Ohio weighs whether to make pandemic telehealth rules permanent

More patients have been able to get more types of treatment over video chat or over the phone during the pandemic than ever before. Now state officials are trying to figure out how telehealth should be used long term.

The State Medical Board of Ohio originally set Sept. 17 as a deadline to stop expanded use of telehealth by health officials, giving a three month off ramp after the official state of emergency ended. But after a flood of feedback and concern about COVID-19 resurging, the board just pushed this back to Dec. 31.

Telehealth was already available and used before the pandemic, but use soared starting March 2020 and doctors were able to perform more services such as prescribing medication for a patient they never met during an in-person exam.

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There’s some debate on how much the changes are working for patients and providers.

Dr. Amol Soin, medical board member and director of a Centerville pain clinic, said at the August board meeting that he disagrees with the argument that telemedicine is better for patients getting medication-assisted treatment for addiction. He said he thinks there’s a lack of accountability with telemedicine.

“We may be doing the wrong thing by liberalizing telemedicine and keeping it liberal for that particular cohort of patients,” he said. “We have it now, and the (overdose) deaths are soaring.”

Many organizations have called telehealth a needed lifeline specifically for behavioral health patients during the pandemic.

A year ago, Ohio Department of Medicaid cited behavioral health benefits as part of why it moved to make permanent rules to keep expanded telehealth options beyond the pandemic.

“I think it really helped, certainly during the crisis,” said Dr. Dale Block, Ohio chief medical officer for CareSource. “We have access issues already to behavioral health and mental health it became even harder.”

The Dayton-based insurer, which primarily handles Medicaid claims, saw a huge surge in telehealth claims during the pandemic. Block commended the medical board for their transparency and for seeking more information to get the rules right for telemedicine.

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“I think the State Medical Board realized that they needed a much longer timeframe to really figure out what is a permanent solution to telemedicine in Ohio for providers moving forward,” Block said.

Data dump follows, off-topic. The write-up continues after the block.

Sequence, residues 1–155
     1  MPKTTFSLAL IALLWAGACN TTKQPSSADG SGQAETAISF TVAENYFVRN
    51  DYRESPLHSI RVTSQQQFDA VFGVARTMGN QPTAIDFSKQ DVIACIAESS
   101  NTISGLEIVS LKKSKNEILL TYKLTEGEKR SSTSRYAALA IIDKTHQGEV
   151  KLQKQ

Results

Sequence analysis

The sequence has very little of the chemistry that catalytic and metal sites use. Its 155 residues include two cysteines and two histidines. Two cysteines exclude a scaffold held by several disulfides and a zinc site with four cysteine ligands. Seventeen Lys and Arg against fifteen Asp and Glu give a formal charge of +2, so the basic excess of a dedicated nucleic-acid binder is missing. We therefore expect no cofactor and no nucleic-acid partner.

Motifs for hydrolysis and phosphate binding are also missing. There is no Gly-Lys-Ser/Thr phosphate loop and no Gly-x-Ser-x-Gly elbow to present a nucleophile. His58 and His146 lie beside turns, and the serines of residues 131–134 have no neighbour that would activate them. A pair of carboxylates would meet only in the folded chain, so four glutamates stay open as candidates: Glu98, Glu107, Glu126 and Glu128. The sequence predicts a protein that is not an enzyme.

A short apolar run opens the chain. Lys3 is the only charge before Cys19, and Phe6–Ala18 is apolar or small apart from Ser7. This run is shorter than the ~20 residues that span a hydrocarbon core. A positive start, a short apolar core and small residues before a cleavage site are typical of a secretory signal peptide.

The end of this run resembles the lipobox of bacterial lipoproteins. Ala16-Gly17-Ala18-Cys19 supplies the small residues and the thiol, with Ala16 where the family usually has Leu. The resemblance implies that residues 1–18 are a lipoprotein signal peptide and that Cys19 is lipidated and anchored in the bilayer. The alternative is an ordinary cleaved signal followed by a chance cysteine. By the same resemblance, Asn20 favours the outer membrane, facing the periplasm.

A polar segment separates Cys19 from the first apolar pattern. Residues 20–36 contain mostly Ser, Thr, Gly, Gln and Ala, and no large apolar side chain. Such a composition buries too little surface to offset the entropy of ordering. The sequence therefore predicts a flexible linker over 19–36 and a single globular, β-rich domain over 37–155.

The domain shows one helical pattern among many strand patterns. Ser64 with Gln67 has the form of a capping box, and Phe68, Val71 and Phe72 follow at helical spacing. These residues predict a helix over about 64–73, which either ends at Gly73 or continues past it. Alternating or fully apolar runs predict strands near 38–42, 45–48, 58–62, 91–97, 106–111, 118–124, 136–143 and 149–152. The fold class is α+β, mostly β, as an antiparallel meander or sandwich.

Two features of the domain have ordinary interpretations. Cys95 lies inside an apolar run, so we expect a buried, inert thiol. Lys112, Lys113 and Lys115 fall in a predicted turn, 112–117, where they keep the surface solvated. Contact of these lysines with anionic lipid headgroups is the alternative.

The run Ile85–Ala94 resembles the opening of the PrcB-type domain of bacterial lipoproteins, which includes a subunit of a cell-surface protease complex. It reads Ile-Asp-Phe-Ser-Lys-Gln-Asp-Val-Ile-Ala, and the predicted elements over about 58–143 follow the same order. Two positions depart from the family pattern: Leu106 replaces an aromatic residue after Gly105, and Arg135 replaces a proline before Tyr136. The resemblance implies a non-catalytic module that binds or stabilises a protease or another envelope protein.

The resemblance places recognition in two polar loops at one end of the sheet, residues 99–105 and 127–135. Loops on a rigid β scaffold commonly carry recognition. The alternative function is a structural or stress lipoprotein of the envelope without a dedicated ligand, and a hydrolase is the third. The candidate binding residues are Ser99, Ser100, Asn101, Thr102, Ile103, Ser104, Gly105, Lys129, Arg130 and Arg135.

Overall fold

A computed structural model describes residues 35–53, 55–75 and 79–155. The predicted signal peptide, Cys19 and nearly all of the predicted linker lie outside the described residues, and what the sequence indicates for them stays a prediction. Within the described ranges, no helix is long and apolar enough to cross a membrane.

Part of what led to the extension of relaxed telehealth rules is not just the need for time to consider what’s next but also the increase in cases. In the Dayton region, hospitalizations and cases have been rising for over a month, and holding doctor’s appointments remotely can help with overcrowding and infection control during the surge.

Medical board member Dr. Mark Bechtel said the current situation is completely different that it was in June, which is when the original September date was selected.

“I think trying to keep our waiting rooms from being overcrowded with sick patients is still a worthy thing to do for public health and safety,” Bechtel said.

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Bill proposes changes

Meanwhile, an bill is pending that would by law expand what can be done via telehealth in Ohio. House Bill 122 is sponsored by Reps. Mark Fraizer, R-Newark and Adam Holmes, R-Nashport.

“The increase in telehealth visits throughout the past year is enough proof to show how instrumental this legislation is for both healthcare professionals and patients,” Holmes stated after it cleared the house in April and headed to the Senate for consideration.

The medical board is working on reviewing telemedicine rules and several medical board members talked about the need to research and proactively shape state telemedicine rules, given the pending legislation.

“People are used to their telemedicine and they like telemedicine and, no offense, but politicians are going to listen to them,” said board member Robert Giacalone, saying the board needs to get on the front end of shaping the rules.


Ohio House Bill 122

Some of what House Bill would change for telehealth in Ohio includes:

  • Expand the types of providers who can use and bill for telehealth services
  • Expand “telehealth” to include email and phone calls, not just a virtual visit, which is the existing law
  • Allow Ohio providers to provide telehealth services to patients who live out of state
  • State there will be no payment parity for telehealth services vs. in-person services

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